7. The last of the cases cited was Sarju Singh v. Gurdwara, AIR 1963 Him Pra 9, a decision of the Judicial Commissioner's Court. Under the Himachal Pradesh (Courts) Order 1948 a second appeal was competent if the value of the suit was Rs. 1,000/- or upwards or the decree of the District Court involved directly some claim to or question respecting property of like value. The order defined 'value' as meaning the amount or value of the subject matter of the suit. The plaintiff-appellant had valued the suit which was for a permanent injunction to restrain the respondents from interfering with his possession at Rs. 140/-. Obviously in order to sustain the second appeal he stated, without any basis, that the value of the subject mutter of the suit was Rs. 1,000/-. After holding that one arbitrary valuation cannot be substituted by another arbitrary valuation for the purpose of the appeal, the Court explained that the expression 'subject matter of suit' sometimes refers to the concrete property to which the writ relates and sometimes to the title which is asserted in the suit and at others to the relief claimed. It was further added that the expression as used in the order appears to refer (a) in a money suit to the amount claimed and (b) in a suit re'ating to property to the right or title of the plaintiff alleged to have been infringed.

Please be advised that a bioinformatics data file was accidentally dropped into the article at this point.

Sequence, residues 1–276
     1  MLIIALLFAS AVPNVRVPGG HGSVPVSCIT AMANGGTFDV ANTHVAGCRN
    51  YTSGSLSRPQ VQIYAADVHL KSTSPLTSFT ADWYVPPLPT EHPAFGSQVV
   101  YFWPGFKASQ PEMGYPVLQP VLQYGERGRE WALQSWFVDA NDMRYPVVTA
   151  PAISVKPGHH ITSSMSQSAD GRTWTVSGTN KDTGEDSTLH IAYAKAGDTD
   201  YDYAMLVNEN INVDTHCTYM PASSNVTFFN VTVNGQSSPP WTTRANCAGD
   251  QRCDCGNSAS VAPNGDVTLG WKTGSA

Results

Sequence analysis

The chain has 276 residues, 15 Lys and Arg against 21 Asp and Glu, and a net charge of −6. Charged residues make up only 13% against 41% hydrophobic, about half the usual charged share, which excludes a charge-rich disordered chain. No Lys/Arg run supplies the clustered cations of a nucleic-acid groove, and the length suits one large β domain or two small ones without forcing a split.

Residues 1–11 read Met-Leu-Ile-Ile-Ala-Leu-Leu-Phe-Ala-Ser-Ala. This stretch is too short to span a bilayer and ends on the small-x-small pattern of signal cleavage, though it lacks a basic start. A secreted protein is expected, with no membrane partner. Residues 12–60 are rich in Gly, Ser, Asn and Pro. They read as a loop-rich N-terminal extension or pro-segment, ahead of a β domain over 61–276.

8. We might refer to Neelechikunnummal Pathu v. Katheesa, 1967 Ker LR 656, where Raman Nayar J. held that the words 'value of the subject matter of the suit' in Section 13 of the Civil Courts Act and the words 'a suit as to whose value' in Section 53 (1) of the Court-fees and Suits Valuation Act connote the same thing so that the valuation of a suit for the purpose of jurisdiction under Section 13 of the Civil Courts Act has to be done in accordance with Section 53 (1) of the Court-fees and Suits Valuation Act, where specific provision is not otherwise made under the latter Act or under any other law and where Section 53 (2) has no application since the court-fee payable is not a fixed fee. In that case the value of the suit for purposes of court-fee was only Rs. 7,912.50 and although this was shown in the plaint and memorandum of appeal, the valuation was shown as Rs. 10,567.50 -- in excess of Rs. 10,000/- -- which was arrived at by adding two alternative reliefs even though only the higher should be taken into account. In order to maintain the appeal in the High Court it was attempted to show that the market value of the property which was in excess of Rs. 10,000/- governs the matter and it was also pointed out that for the purpose of Section 110, C. P. C. the value of the subject matter of the suit is the market value. The learned Judge rejected the contention holding that it was only where no special provision exists 'valuation' means 'market value' and that where special provision exists for valuation for purposes of jurisdiction, valuation has to be according to that provision.